Instead, we encountered a flat bike tire and an AWOL air pump, whose whereabouts were unknown in our entropy-on-display garage. Undeterred, my wife agreed to proceed on foot. Then, 80 percent into the commute, we came upon the work-in-progress demolition phase of sidewalk repair. Meaning that all northbound traffic had to patiently wait behind, or deftly navigate around, a chair traveling at 4.5 mph. Finally, when we reached our eatery of choice, we were greeted by a “VACANT — Space For Rent” sign.

Thankfully, nothing untoward transpired during my time in the stylist’s care. That respite was short-lived. As my wife was paying the bill, I happened to glance at my chair’s battery charge gauge. Its feedback proved mission critical. Only the tiniest of slivers of remaining battery life was indicated. We didn’t know whether that meant 3, 30, or 300 feet of additional transport was possible. In any case, a return trip home was not in the cards.

Like wounded dogs, we entered a backup dining venue and limped to a table as my chair gasped its last breath. As we contemplated our marooned plight, the proprietor overheard us and offered to drive my wife to pick up the battery charger. Minutes later, rather than digesting a fecal sundae, my wife, myself, and my chair were joyously enjoying sustenance of a much higher order. After a day spent yielding to Murphy’s wisdom, angels intervened to invalidate the “anything” aspect of his absolute.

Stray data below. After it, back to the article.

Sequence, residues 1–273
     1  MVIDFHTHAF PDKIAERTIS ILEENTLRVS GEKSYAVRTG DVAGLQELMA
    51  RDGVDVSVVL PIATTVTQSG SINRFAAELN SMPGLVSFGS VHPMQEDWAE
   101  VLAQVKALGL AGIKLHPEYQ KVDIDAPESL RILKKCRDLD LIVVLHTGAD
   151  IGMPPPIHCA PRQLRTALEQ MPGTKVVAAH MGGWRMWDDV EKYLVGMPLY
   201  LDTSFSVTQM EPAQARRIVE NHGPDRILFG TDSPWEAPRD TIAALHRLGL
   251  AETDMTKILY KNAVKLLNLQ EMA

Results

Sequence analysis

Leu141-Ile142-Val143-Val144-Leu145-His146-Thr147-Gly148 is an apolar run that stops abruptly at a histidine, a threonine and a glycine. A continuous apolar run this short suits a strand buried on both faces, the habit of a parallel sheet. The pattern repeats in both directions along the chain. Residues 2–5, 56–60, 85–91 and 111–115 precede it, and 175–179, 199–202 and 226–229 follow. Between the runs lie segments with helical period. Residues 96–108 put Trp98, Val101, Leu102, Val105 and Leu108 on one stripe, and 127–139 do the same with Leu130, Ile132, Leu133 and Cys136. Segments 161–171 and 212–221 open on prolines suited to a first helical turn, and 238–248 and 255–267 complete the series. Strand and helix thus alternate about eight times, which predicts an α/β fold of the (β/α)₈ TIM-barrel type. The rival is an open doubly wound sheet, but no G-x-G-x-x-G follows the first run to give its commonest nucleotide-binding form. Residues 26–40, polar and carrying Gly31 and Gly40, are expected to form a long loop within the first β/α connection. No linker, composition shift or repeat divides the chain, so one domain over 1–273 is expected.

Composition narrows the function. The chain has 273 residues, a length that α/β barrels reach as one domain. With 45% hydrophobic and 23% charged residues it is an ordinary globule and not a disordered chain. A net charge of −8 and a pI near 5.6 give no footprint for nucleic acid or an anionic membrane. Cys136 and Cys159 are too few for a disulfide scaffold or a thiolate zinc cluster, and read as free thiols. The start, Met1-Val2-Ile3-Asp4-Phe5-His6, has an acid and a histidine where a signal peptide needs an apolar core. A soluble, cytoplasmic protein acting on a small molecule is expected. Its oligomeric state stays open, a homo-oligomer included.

We had the last laugh. In hindsight, the van not starting was an example of something right happening. Had we made it to the MDA event, we would have been stranded, with a comatose wheelchair, 26 miles from home.

My takeaway? Plan for Murphy’s Law and pray for Yhprum’s law (“Murphy” spelled backward), which is “Everything that can work will work.”

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Note: ALS News Today is strictly a news and information website about the disease. It does not provide medical advice, diagnosis, or treatment. This content is not intended to be a substitute for professional medical advice, diagnosis, or treatment. Always seek the advice of your physician or other qualified health provider with any questions you may have regarding a medical condition. Never disregard professional medical advice or delay in seeking it because of something you have read on this website. The opinions expressed in this column are not those of ALS News Today or its parent company, BioNews Services, and are intended to spark discussion about issues pertaining to ALS.

3 comments

  1. Patricia says:

    Great article! And a lesson in perseverance. Also it is good to have the right attitude, it doesn’t help if we just focus on the things that go wrong. You are a great example of optimism for e every one.

  2. Brandis Geddes says:

    Great Article! Appreciated the positive attitude and “tree in the wind” mentality of you and your wife!👍